There is also a teacher shortage. I visited a school in Uganda where the child to teacher ratio was 93 to 1. There are so few schools in most rural areas that children come from long distances.

While having a French bakery with plastic French treats and paper money would be fun, consider how beneficial it would be to fund a micro loan for a hardworking entrepreneur to start, grow or sustain their business.  You will even get an e-mail with the specific details of the entrepreneur you are supporting and updates to track their businesses progress.

You could fund 20 micro loans for an entrepreneur or purchase a plastic bakery for $500. Which one seems more life changing? 

What if instead of purchasing plastic doll items and accessories, we instead bought real items for real girls that would provide the help that a child may need to find their way out of extreme poverty. This time of year we are constantly giving to kids in want but what if we changed that thinking and gave to kids in real actual need?

Why don't we take a second to compare the items available in the two catalogs. 

American girl doll bike made of metal. Fits an 18" tall doll. Comes with woven basket. $115

World Vision will provide a bicycle for a girl that will provide safe, speedy transportation when a girl might otherwise be restricted from attending school because they live too far away or because of the dangers of getting to school. $100

American Girl doll sized wheelchair with wheels that turn. $38

World Vision will help you provide a custom wheelchair to a child affected with a birth defect, disease or injuries after contact with a land mine. $50

American Girl provides a removable plastic hearing aid for your doll. $14

World Vision can provide help for a child with disabilities including prosthetics and rehabilitation. $25

American Girl allergy free lunch includes a berry smoothie, a container of vegetables, and two sandwich skewers {all pretend}, as well as a fabric lunch bag and a {faux} allergy shot and allergy bracelet. $28

Fruit trees provide the vitamins and minerals that a child needs to grow. A fruit tree orchard can produce enough fruit to provide an income in just 2-3 years time for a family living in poverty. Provide 5 fruit trees for $30.

American Girl classroom set includes a two sided 1950's era map, a reversible chalkboard, pointer, easel and flash cards $40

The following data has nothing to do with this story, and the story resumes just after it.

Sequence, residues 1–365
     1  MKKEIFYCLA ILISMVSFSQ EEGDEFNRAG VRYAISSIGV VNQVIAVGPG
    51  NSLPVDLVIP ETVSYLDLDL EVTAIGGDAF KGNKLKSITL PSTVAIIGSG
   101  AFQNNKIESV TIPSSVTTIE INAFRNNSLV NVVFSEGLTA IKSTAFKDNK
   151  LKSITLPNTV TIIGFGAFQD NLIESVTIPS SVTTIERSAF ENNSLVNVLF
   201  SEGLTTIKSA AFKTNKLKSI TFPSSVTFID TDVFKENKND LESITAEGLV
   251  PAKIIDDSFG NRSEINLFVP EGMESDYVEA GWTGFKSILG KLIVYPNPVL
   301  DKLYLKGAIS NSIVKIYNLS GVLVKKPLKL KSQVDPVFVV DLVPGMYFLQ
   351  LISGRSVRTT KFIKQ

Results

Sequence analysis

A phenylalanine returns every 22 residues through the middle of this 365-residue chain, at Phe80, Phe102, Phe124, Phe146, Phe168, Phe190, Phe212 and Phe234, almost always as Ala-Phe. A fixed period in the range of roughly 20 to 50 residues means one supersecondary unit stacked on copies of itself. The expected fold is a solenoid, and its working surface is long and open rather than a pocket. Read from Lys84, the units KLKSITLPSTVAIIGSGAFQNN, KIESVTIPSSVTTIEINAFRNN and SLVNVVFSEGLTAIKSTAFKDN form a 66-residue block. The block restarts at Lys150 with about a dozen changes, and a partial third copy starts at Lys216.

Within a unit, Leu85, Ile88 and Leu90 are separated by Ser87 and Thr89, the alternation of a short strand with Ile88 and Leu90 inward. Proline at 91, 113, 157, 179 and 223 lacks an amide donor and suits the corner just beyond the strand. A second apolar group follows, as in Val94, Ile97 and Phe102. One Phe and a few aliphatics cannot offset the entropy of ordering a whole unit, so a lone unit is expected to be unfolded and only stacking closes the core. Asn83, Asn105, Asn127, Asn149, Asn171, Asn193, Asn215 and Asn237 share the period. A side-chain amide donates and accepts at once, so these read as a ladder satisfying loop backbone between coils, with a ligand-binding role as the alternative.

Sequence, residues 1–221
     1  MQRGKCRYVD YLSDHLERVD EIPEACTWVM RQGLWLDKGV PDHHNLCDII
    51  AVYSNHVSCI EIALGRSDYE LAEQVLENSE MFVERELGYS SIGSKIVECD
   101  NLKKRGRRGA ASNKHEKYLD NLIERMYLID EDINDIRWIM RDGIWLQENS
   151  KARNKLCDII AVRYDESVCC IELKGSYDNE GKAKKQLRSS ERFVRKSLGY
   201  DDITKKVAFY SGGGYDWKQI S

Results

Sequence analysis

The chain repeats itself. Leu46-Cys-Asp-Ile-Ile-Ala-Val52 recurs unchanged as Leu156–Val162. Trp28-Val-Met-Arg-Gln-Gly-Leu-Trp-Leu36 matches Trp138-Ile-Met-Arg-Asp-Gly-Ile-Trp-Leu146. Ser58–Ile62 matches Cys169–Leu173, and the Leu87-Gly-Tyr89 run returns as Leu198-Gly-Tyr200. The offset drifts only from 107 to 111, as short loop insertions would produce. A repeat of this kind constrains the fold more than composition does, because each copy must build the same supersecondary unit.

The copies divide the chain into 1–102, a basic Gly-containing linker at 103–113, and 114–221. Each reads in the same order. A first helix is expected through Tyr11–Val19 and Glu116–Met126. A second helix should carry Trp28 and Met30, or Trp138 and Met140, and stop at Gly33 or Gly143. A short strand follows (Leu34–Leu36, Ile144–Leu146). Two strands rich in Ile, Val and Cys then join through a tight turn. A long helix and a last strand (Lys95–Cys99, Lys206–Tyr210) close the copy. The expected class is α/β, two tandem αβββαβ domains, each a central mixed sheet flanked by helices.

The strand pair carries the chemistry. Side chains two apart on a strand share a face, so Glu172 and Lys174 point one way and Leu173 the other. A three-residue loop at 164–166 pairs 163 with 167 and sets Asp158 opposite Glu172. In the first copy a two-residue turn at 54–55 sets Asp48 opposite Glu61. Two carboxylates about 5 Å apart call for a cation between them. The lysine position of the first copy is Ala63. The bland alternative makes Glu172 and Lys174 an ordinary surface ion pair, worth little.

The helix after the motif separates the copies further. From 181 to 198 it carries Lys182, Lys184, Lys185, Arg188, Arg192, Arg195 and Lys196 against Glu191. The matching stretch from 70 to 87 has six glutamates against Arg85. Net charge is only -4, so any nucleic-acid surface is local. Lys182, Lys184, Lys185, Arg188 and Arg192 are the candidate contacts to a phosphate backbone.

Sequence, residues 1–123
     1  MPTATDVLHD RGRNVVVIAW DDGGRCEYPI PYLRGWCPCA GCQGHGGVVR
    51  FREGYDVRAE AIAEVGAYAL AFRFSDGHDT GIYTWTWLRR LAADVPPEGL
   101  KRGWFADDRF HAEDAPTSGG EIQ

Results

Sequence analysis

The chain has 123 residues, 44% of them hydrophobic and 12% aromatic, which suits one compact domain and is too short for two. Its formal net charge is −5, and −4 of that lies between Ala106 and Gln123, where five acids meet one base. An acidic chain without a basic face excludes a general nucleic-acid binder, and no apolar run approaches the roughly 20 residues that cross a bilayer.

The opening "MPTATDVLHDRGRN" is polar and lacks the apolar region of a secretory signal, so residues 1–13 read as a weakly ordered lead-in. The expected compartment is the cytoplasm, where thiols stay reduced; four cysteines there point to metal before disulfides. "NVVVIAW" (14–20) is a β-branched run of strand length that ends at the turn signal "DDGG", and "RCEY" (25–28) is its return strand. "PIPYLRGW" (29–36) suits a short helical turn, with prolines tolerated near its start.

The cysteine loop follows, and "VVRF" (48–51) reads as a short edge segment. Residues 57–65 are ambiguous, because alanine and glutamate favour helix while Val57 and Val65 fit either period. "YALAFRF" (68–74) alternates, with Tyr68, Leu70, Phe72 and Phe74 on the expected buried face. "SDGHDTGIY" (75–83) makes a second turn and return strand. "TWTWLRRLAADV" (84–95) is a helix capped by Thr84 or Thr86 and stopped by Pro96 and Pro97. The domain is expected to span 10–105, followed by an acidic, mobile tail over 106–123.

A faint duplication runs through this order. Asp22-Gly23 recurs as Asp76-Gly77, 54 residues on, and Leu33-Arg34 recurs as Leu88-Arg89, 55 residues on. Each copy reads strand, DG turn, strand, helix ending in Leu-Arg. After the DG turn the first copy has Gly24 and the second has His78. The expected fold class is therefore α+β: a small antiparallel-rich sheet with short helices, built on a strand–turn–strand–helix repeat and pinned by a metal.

World Vision will help train teachers and get a child the tools to succeed in school. These tools may include school fees, textbooks, uniforms, backpacks and pencils. $35

American Girl solid wood desk and chair $100

World Vision $100 gift towards education will offer things like teaching supplies, textbooks, toys, sports equipment and more. Because of corporate product donations, your gift will multiply 12 times in impact and will provide $1200 worth of school supplies.

American Girl school supply kit comes with book bag, writing tablet, geography reader, a pencil box {with crayons, a ruler, 2 pencils, and eraser and pen} and a report card $30

World Vision promise pack gives you the opportunity to list up a suffering child with a backpack full of basic school supplies, hygiene items and an insect repellent blanket. $22

American Girl flocked hard body goat $20

A healthy dairy goat can give up to 16 cups of milk a day. Her milk provides protein to help children grow and the family can sell extra milk to earn money for essentials like medicine. $75

I could go on and on comparing items, but I think you get my point.

To see more items that you can purchase for real actual children and their families, you can find the  World Vision gift catalog here. 

Last summer I had the opportunity to meet one of our sponsored children and his father in Uganda. Moses was just five years old when we started sponsoring him. He was in poor health and his parents struggled to provide for him and his two sisters. Sponsorship has provided Moses with clean water that is close to his home, an education and proper medical treatment so that he's no longer in poor health.  Moses' parents have received seeds and education on proper farming and business techniques as well as information on animal husbandry. 
What was once a struggling family, is now a thriving family with a bright future. Several years ago, we gifted the family with an extra $100 at Christmas.  Moses was able to buy the suit that you see him wearing in the picture, metal sheeting for their hut's roof, a mattress and mosquito net as well as several farm animals, like this chicken {well, maybe not that particular chicken, but that chicken's grandma...or something like that} that he gave to me as a thank you gift when I visited.
To make the life changing gift of finding a child that your family can connect with personally, consider child sponsorship. If you want to talk about fueling connections, then child sponsorship is the way to do it.  You can find a child in any of the nearly 100 countries that World Vision works in here
We selected children that our family already had some type of connection to. Both of the kids that we sponsor are the same age as our two younger children. Perhaps sponsoring a girl in Cambodia that is at risk for being sold into the sex trade tugs at your heart.  The children of Africa have mine.  
When you sponsor a child, your family is able to write letters, send packages and get updates on the child that you sponsor. There was nothing more special than being invited into the sparse hut that Moses lived in with very few possessions, but when he pulled out a stack of handwritten letters that our family has sent to him over the years tied with twine, I melted. He had kept every single one. 

I knew then that while I couldn't change the world, I could change the world for one child.

I am challenging you today to consider making a shift in your thinking. What if instead of giving your child a gift on their want list, you used the money for that gift instead for a child in need.  Take a peek at the World Vision catalog with your family. Better yet, consider child sponsorship.